Fatigue of Welded Joints

Welding of metals is applied on a very wide scale, especially for building up structures by welding of steel plates and girders of different cross sections (I-beams, U-beams, angle beams). Welding provides many structural design options which cannot be simply realized with other production techniques. Major applications are found in bridges, cranes, ships, offshore structures, pressure vessels, buildings and various types of spatial frames.

Welding as a production technique is associated with various problems, which are characteristic for welding only. As a result, the subject “welding” became practically a discipline on its own as illustrated by the existence of welding institutes and organizations, standards and design codes, journals, and an extensive literature. Within the welding discipline, much attention has been paid to problems related to different welding techniques known under general names as: arc welding, gas welding, electron beam welding, laser welding, resistance spot welding, friction welding, and more recently stir friction welding. Welded joint designs and notch effects of welds are typical for welded structures. Welded joints are also known for a number of characteristic weld defects. These defects have created new issues for non-destructive inspections (NDI), which have stimulated developments of X-ray and ultrasonic equipment. Moreover, fatigue properties of welded joints can exhibit considerable scatter because of a variety of imperfections of these joints. As a consequence, fatigue of welded joints has always been a matter of concern, but good welding practice can be specified for fatigue critical structures including non-destructive inspections of all welds.s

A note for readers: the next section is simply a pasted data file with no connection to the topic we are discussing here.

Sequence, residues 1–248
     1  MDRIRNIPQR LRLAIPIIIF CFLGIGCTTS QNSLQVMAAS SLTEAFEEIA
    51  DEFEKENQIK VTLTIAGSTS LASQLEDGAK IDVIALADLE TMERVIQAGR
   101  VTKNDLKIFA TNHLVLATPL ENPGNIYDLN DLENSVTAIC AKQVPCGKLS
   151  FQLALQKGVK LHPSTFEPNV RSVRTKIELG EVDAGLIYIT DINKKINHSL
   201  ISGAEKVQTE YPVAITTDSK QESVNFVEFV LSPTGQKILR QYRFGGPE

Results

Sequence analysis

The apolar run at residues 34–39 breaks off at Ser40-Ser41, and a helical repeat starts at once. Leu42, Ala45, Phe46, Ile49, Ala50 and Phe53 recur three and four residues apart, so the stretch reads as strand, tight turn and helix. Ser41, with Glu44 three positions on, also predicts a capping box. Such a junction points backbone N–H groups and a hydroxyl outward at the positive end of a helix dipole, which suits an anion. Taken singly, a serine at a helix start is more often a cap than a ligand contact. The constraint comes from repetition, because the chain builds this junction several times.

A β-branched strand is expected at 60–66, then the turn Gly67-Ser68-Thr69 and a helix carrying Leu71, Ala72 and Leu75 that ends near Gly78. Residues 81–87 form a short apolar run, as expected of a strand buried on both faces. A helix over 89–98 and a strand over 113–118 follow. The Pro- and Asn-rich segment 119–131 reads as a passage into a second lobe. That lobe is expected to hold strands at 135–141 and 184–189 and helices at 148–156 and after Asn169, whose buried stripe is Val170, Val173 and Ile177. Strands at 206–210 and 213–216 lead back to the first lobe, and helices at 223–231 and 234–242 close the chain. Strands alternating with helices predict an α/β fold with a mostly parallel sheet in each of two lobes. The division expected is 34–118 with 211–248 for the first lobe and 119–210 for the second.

Keywords

Fatigue Porosity Welding Tungsten Explosive 

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